Docks take the brunt

Some roads remain closed

Roads in the Grand Cayman sustained no major damage during Hurricane Dean, but the sea did breach roads in some areas.

Savannah Gully

Vehicles travel through the Savannah Gully.
Photo: Jewel Levy

‘Crews are out cleaning up the debris’ said head of the National roads Authority Ed Howard on Tuesday. ‘Some sections of South Sound Road have been eroded and they are now being repaired.’

Residents of South Sound that weathered out the passage of the hurricane in shelters and office buildings were being permitted to access the road to return to their homes, but police were manning barricades and restricting access to other non essential traffic.

The waves also brought up sand and chunks of coral onto Seaview Road in East End, the coastal road in Bodden Town and Old Prospect Road.

A press release from the NRA on Tuesday advised motorists that the West Bay Road was still closed in the vicinity of the Courtyard Marriott hotel and those travelling to and from West Bay were being urged to use the Esterly Tibbetts Highway instead.

Once again the sea breached the Island by the gully in Savannah Newlands and a large volume of salt water streamed across the road on Monday, effectively making the area impassable for smaller vehicles.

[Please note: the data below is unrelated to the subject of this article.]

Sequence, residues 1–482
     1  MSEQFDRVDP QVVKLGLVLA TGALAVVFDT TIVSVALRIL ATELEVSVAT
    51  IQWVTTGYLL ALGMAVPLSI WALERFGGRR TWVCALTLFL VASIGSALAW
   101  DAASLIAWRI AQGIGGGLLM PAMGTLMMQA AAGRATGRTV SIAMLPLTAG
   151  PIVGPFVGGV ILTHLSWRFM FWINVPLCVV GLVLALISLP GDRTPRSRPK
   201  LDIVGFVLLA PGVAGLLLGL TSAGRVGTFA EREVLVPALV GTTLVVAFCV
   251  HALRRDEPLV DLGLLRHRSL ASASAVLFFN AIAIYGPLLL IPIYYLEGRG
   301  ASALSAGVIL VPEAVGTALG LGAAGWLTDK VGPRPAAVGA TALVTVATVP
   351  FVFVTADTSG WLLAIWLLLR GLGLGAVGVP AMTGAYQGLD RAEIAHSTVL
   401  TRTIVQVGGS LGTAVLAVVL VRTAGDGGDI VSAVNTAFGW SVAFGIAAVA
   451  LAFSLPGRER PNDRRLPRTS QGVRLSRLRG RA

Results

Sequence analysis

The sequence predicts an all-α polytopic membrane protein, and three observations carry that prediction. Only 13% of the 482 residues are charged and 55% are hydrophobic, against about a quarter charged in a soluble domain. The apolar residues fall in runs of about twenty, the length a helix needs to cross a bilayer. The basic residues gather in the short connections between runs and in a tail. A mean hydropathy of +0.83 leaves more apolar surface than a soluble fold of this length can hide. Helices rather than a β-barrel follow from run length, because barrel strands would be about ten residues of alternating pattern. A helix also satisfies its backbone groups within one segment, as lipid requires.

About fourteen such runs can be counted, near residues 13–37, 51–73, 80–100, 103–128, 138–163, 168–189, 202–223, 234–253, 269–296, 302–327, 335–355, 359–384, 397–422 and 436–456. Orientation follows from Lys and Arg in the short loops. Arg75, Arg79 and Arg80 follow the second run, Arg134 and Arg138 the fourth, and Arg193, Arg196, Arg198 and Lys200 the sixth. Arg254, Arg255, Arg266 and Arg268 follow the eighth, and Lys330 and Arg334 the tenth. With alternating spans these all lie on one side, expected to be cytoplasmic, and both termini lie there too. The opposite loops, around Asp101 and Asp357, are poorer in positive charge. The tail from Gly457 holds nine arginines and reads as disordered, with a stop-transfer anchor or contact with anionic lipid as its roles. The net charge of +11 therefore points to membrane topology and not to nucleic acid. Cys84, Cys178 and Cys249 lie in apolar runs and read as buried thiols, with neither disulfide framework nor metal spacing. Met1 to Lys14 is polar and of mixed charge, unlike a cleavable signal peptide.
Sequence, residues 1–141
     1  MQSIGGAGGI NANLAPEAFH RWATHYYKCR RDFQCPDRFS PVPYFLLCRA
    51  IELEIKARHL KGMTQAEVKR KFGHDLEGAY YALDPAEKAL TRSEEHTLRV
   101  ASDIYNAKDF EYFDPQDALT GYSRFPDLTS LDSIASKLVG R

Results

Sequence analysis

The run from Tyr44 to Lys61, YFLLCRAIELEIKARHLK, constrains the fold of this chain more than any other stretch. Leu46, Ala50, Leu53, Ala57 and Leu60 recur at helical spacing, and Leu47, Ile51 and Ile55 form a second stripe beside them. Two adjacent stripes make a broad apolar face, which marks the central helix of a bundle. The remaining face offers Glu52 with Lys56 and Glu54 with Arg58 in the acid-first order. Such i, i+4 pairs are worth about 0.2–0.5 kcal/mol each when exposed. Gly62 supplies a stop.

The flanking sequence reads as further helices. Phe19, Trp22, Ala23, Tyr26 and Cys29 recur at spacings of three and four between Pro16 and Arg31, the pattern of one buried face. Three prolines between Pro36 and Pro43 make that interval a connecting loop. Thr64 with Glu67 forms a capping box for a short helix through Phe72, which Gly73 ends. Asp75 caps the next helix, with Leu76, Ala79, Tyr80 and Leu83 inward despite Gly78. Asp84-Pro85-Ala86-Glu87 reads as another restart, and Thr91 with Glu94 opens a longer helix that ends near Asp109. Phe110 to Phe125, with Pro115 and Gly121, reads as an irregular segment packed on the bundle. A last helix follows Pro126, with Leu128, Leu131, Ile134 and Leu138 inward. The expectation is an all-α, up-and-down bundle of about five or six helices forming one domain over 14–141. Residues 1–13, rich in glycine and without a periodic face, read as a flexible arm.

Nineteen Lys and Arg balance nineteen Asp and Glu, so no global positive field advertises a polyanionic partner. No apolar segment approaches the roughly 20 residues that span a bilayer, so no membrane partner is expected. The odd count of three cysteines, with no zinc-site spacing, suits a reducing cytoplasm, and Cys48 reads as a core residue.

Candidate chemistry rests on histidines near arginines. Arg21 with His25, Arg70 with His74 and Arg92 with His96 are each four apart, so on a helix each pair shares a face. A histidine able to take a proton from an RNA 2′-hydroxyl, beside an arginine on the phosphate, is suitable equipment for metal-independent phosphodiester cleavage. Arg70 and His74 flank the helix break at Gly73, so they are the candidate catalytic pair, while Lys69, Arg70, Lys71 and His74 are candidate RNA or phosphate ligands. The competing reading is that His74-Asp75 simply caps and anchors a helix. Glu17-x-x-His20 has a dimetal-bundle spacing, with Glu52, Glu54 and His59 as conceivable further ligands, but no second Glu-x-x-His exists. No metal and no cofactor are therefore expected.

In places the water was over two feet deep on the road. Some houses were flooded.

Government has been looking at options for trying to stop the water from coming over the coast by Sandy Ground Road and a consultant was hired last year to look at the issue, but clearly it has not yet been resolved.

As far back as the year 1773 (George Gauld map of Grand Cayman) it has been noted that hurricane waves tend to bring the sea over the coast in this area and it completely crosses the island, re-entering the sea in North South Estates, by Windward Road.

With the seas still battering the coast, The National Roads Authority crews was out early Monday morning trying to get the main arterial road along the South coast cleared up.

The road surfaces in East End and Bodden Town were mostly back in order by midday on Tuesday and barricades were coming down, however a general advisory from the Roads Authority called for drivers to continue to exercise caution, because there may be some loose debris still on the roads.

Hurricane Dean also caused some damage to a number of private homes and properties on the South Coast; however unlike Hurricane Ivan, it was generally not catastrophic. Water entered some of the ocean front units at Emerald Beach, Ocean Club and Windsor Village. When the storm passed, waves started to pound the West Coast, causing some damage to decks at water front bars and restaurants in George Town.

Docks on the South Coast were also impacted by the hurricane. Some of those that sustained damage include the government pier in South Sound and the recently re-built dock at the Morritt’s Resort in East End.

The Ocean Frontiers dock was destroyed and the brand new dock across the road from Cayman Crossings was also a complete loss.

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